subsidiaries to transfer funds to S&T in the form of 
dividends and loans.  Dividends that may be paid by the
subsidiaries to S&T are limited to the retained earnings of
the subsidiaries which amounted to $115,300,891 at December
31, 1995.  The amount of dividends that may be paid to S&T is
further restricted by regulatory guidelines concerning minimum
capital requirements.

Federal law prohibits S&T from borrowing from the subsidiaries
unless such loans are collateralized by specific obligations.
Further, such loans are limited to 10% of the subsidiaries'
capital and additional paid-in capital, as defined.  At
December 31, 1995, the maximum amount available for transfer
from the subsidiaries to S&T in the form of loans and
dividends approximated 72% of consolidated net assets.


Note L - Litigation


S&T, in the normal course of business, is subject to various
legal proceedings in which claims for monetary damages are
asserted.  No material losses are anticipated by management as 
a result of these legal proceedings.


Note M - Financial Instruments and Credit Risk


S&T, in the normal course of business, commits to extend
credit and issue standby letters of credit.  The  obligations
are not recorded in S&T's financial statements.  Loan
commitments and standby letters of credit are subject to
S&T's normal credit underwriting policies and procedures and
generally require collateral based upon management's
evaluation of each customer's financial condition and ability
to satisfy completely the terms of the agreement.  S&T's
exposure to credit loss in the event the customer does not 
satisfy the terms of the agreement equals the notional amount
of the obligation less the value of any  collateral.  Unfunded
loan commitments totaled $176,919,000 and obligations under
standby letters of credit totaled $67,359,000 at December 31,
1995.

S&T attempts to limit its exposure to concentrations of credit
risk by diversifying its loan portfolio.  S&T defines
concentrations of credit risk as loans to a specific industry
or group in excess of 10% of total loans.  S&T has no
concentration of credit risk by industry or group.  However,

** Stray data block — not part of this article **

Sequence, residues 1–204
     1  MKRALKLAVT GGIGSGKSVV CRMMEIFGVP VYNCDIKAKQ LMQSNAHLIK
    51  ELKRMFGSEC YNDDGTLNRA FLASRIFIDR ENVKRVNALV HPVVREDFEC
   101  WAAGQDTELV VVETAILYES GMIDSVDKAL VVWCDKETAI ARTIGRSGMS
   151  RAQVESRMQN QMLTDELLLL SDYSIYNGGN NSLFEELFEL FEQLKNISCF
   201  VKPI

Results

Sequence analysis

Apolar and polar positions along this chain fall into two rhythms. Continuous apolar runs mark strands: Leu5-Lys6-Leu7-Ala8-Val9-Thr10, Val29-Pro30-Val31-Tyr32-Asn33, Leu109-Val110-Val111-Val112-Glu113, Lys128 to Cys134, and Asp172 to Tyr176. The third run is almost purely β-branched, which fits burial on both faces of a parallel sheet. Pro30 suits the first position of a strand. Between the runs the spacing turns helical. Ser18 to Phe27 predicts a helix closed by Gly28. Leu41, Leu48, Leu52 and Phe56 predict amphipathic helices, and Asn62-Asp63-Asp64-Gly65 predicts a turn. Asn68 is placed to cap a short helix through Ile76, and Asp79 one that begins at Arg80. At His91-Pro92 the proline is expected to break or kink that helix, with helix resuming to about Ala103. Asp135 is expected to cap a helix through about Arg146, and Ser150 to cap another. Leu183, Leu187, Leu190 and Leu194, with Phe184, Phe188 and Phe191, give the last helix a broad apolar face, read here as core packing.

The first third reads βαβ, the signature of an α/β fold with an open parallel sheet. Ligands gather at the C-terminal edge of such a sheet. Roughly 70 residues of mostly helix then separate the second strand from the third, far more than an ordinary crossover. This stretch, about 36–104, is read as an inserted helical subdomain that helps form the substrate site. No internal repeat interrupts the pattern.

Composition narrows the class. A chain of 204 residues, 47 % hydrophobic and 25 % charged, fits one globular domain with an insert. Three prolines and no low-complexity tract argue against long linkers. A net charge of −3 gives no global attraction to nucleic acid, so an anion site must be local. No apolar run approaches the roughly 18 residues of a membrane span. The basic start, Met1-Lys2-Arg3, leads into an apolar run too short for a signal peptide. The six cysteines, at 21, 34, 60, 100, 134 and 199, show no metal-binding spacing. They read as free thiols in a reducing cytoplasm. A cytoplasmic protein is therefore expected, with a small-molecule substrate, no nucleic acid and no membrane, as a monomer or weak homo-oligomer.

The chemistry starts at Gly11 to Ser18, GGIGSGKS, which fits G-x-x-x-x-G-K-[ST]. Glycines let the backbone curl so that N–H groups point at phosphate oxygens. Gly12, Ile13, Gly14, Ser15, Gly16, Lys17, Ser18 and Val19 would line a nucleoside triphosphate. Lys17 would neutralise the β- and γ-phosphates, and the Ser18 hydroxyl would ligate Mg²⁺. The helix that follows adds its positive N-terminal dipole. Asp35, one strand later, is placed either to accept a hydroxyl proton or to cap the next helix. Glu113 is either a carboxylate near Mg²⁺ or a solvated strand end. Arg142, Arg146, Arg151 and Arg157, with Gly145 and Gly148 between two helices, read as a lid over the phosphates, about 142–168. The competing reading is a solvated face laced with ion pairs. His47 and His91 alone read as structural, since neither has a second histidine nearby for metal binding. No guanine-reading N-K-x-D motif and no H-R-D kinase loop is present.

geographic concentrations exist because S&T provides a full
range of banking services including commercial, consumer and 
mortgage loans to individuals and corporate customers in its
six-county market area in western Pennsylvania.

<PAGE> -40-



Notes to Consolidated Financial Statements
S&T Bancorp, Inc. and Subsidiaries
(all dollar amounts in tables are in thousands)

Note N - Income Taxes

Income tax expense (credits) for the years ended December 31 are
comprised of:

<TABLE>
<CAPTION>
                                         1995     1994     1993
<S>                                   <C>      <C>      <C>
Current                                $7,951   $6,308   $6,232
Deferred                                 (415)     375     (414)
Total                                   7,536    6,683    5,818
</TABLE>

The provision for income taxes differs from the amount computed
by applying the statutory federal income tax rate to income before
income taxes.  The statutory to effective tax rate reconciliation
for the years ended December 31 is as follows:

<TABLE>
<CAPTION>
                                         1995     1994     1993
<S>                                       <C>      <C>      <C>                 
Statutory tax rate                         35%      35%      35%
Tax-exempt interest income 
 and dividend exclusion                    (7)      (7)      (9)
All other, net                             (1)      (1)
Effective tax rate                         27%      27%      26%
</TABLE>

Income taxes applicable to security gains were $255,000 in 
1995, $147,000 in 1994 and $356,000 in 1993.

Significant components of S&T's temporary differences were as
follows at December 31:

<TABLE>
<CAPTION>
<S>                                               1995     1994
Deferred tax liabilities:
 Net unrealized holding gains                 <C>       <C>
   on securities available for sale           $(11,808) $(4,526)
 Fixed assets                                     (501)    (435)
 Accretion on acquired loans                      (464)    (593)
 Prepaid pension                                  (359)    (269)
 Prepaid hospitalization                          (102)    (102)
 Point recognition                                (631)    (431)
Total deferred tax liabilities                 (13,865)  (6,356)
Deferred tax assets: